Diabetes health services in Northern Ireland have come under fire after it was revealed that diabetic patients across the country are being denied access to insulin pumps.
In what has been described as a “public scandal”, charity Diabetes UK claims that more than half of the 1,000-plus insulin pumps purchased by the department of health in 2011, at a cost of over £2 million, remain unused in “hospital cupboards”.
This means hundreds of people with insulin-dependent diabetes are potentially missing out on equipment which would reduce their need for multiple insulin injections and improve their ability to control their condition.
“This has happened because individual health trusts have not created modern diabetes services which would ensure these pumps are issued to the people who would benefit from them,” said Iain Foster, the local director for Diabetes UK. He added the lack of access to insulin pumps is evidence of how “disjointed” Northern Ireland’s health service is.
Speaking at a recent seminar in Belfast, diabetes specialist nurse Sally Friffina called on the NHS and the government to work towards making insulin pumps, which cost around £2,750 per device, available to all adult type 1 patients “in line with the health care guidance”.
A spokesperson for the Department of Health said health care trusts provide access to pumps to around 611 adults and children with the disease in Northern Ireland, “but due to competing pressures for limited HSC funding there are waiting lists to start treatment.”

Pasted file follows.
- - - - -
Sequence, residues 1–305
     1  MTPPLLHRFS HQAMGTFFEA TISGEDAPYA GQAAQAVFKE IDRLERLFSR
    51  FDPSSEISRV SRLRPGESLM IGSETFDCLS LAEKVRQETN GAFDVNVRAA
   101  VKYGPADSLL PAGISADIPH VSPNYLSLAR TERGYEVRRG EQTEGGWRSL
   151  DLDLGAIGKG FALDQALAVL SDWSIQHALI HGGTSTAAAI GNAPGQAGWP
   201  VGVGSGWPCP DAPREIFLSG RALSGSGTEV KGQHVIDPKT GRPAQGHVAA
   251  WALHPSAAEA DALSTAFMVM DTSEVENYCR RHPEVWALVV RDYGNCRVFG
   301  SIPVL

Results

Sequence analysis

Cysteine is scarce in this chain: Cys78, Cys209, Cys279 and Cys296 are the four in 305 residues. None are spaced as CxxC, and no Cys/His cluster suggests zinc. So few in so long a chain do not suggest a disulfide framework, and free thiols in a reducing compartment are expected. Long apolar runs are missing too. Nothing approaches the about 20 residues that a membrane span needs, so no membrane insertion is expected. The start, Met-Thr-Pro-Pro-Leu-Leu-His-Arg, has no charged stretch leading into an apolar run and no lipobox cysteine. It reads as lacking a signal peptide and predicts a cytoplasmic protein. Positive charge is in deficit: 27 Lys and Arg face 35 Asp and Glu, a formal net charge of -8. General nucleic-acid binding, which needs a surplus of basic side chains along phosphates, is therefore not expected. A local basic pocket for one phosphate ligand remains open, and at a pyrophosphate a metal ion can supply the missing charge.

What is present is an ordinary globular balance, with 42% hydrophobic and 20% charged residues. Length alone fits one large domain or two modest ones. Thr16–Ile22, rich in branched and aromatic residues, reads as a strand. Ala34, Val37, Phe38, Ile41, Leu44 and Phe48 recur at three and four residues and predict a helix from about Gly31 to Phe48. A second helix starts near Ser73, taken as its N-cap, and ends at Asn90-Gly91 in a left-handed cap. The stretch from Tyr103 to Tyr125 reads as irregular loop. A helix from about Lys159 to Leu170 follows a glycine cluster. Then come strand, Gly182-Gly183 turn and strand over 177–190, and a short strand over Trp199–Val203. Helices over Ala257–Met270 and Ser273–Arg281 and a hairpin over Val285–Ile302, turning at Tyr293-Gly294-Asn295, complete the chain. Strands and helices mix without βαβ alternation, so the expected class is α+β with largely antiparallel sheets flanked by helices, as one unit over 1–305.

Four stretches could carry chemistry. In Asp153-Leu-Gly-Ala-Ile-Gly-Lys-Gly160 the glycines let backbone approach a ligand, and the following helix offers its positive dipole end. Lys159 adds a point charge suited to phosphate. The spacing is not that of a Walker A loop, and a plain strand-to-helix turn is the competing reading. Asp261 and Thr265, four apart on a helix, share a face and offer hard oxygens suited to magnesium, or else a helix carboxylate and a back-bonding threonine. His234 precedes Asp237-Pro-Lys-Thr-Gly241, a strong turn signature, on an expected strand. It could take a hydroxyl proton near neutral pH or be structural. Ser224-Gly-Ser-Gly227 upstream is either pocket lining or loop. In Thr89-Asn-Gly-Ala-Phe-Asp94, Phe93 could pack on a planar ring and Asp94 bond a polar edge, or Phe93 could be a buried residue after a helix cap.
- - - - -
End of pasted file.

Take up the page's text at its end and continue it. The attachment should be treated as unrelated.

In a statement to the BBC, they revealed that the huge batch of new and replacement pumps purchased for the NHS in 2011/12 “are expected to be phased in over approximately four years and will significantly reduce the time patients wait for this therapy.”
The spokesperson also said insulin pump therapy was “not suitable” for everyone with Type 1 diabetes, as it “requires diabetes education and support from specialist nurses and dieticians”, along with a high level of self-motivation.
“The patient must be committed to monitoring a minimum of four times a day and be able to flexibly adjust their insulin therapy according to their blood sugars, diet and physical activity,” they added. “This is a higher daily level of commitment than multi-dose insulin regimes and patients who cannot maintain this level of commitment are at risk of suffering major and life-threatening complications.”

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